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Jerome Woods and Reggie Tongue
Michael Silver
December 14, 1998
Chiefs Safeties
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December 14, 1998

Jerome Woods And Reggie Tongue

Chiefs Safeties

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Three weeks before the 1996 NFL draft Reggie Tongue sat in a Corvallis, Ore., restaurant staring at a tantalizing plate of chicken. The bird had been grilled, but that was nothing compared to what Tongue, an Oregon State senior, was about to get from the seven Kansas City Chiefs coaches and talent evaluators who were at the table. "They asked me every possible question: What kind of people did I hang out with? What was my childhood like?" Tongue says. "I didn't even get to take a bite."

K.C. defensive coordinator Gunther Cunningham, who had been wowed by Tongue's workout earlier that day, says it was Tongue's assured demeanor during that dinner that won him over. The Chiefs wound up choosing Memphis safety Jerome Woods (left) in the first round and Tongue, who in college had split time between safety and cornerback, in the second, and just like that Kansas City had solidified the middle of its secondary for years to come.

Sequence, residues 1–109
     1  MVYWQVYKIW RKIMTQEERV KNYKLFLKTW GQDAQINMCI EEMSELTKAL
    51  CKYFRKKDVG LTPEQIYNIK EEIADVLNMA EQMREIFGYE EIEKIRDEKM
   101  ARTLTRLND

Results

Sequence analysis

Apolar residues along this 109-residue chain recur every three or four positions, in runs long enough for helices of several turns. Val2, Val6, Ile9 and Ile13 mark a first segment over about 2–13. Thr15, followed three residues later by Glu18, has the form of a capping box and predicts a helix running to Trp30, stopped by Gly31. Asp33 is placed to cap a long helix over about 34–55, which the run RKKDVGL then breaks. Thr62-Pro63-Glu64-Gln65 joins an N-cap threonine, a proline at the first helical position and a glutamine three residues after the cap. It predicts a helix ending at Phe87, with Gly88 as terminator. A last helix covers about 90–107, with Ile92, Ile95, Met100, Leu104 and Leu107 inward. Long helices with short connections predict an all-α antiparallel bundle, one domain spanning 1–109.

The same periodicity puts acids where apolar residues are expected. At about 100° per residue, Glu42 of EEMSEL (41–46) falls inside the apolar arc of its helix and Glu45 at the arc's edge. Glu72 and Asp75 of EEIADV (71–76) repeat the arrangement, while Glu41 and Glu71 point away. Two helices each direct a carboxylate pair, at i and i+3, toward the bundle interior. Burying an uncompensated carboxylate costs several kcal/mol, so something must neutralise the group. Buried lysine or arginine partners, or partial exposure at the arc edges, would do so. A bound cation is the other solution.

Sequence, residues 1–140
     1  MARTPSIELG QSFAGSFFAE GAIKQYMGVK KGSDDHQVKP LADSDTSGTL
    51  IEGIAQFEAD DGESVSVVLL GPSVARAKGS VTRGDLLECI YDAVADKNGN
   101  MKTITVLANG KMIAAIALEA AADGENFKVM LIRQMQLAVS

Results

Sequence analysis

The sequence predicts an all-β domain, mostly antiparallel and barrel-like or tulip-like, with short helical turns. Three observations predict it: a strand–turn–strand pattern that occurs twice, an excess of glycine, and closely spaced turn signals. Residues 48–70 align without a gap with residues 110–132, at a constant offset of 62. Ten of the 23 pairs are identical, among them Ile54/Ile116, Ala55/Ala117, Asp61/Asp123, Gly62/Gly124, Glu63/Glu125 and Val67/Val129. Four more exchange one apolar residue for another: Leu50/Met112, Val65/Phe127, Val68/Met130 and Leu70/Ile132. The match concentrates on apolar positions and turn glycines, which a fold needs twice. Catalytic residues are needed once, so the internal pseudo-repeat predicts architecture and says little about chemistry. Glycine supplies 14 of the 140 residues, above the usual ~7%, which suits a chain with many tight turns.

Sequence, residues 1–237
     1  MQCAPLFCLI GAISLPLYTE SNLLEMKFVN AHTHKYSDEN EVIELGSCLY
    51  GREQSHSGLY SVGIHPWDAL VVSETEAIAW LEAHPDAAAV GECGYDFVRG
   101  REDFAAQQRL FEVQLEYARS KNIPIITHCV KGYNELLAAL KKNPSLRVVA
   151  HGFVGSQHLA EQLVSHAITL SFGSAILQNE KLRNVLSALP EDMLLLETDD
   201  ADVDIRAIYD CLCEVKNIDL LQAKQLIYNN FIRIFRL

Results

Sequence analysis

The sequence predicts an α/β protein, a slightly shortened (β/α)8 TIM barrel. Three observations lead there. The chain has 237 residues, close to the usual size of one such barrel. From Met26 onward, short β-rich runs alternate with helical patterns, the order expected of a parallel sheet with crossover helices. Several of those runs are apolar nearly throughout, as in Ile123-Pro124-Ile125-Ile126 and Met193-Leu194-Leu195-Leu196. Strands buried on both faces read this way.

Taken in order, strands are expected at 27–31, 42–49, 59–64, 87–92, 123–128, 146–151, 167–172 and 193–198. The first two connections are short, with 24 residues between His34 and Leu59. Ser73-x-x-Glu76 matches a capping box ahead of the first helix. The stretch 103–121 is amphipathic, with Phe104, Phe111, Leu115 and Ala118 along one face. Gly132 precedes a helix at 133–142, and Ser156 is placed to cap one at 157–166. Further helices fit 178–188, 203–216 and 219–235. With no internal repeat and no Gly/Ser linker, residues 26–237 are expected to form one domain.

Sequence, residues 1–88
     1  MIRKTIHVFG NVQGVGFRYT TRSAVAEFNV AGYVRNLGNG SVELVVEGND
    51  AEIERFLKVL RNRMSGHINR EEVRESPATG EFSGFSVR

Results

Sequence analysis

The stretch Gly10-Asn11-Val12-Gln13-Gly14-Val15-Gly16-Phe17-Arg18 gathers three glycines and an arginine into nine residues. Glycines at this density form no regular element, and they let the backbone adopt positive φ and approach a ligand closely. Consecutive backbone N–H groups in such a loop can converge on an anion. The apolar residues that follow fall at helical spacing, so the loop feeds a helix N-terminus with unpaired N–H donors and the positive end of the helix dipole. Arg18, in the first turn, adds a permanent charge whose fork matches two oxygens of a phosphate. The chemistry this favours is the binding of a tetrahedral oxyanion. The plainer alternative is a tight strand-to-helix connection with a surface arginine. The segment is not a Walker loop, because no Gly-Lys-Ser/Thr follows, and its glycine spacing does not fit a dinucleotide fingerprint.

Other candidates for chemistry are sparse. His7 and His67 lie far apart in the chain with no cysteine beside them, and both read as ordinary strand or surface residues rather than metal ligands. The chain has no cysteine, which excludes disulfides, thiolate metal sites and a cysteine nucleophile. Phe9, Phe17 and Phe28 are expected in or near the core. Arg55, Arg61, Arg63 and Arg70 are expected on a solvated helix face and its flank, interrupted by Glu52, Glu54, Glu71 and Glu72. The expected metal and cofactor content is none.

By the start of the 1997 season Woods, at free safety, and Tongue, on the strong side, had moved into the starting lineup. Each has played with so much determination and intelligence that some Chiefs coaches and staff members get them mixed up. It's as if they're a composite: Jereggie Woodtongue, hard-hitting young play-maker. "Someone yells, 'Romey,' I turn around," Tongue says.

This season Woods and Tongue have been the steadiest players on a stumbling 5-8 team. In a 34-24 win over the Arizona Cardinals on Nov. 29, Tongue had nine tackles and a sack. Woods had 15 tackles in a 40-10 loss to the New England Patriots on Oct. 11. In the fourth quarter of that game, Woods broke his right hand but came back. Later in the week, when Cunningham asked if he'd be ready for the next game, Woods slammed his helmet across the cast. "Any doubt in your mind now?" he asked.

"They're not even close to fulfilling their potential," Cunningham says of the pair. "They can end up being household names."

Perhaps they'll even be correctly identified in their own locker room.